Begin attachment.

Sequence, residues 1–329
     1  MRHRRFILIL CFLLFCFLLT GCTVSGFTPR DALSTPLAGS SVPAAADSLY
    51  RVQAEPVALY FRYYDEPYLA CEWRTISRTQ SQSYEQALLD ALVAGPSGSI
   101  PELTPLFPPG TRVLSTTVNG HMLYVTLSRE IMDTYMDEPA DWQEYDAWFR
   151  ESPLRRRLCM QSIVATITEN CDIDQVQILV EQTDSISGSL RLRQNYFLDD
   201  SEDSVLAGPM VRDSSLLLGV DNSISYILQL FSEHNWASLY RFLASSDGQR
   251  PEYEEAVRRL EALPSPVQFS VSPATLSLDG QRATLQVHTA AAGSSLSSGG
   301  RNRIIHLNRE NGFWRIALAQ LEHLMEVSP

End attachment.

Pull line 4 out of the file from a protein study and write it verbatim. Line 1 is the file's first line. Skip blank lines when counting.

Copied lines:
   101  PELTPLFPPG TRVLSTTVNG HMLYVTLSRE IMDTYMDEPA DWQEYDAWFR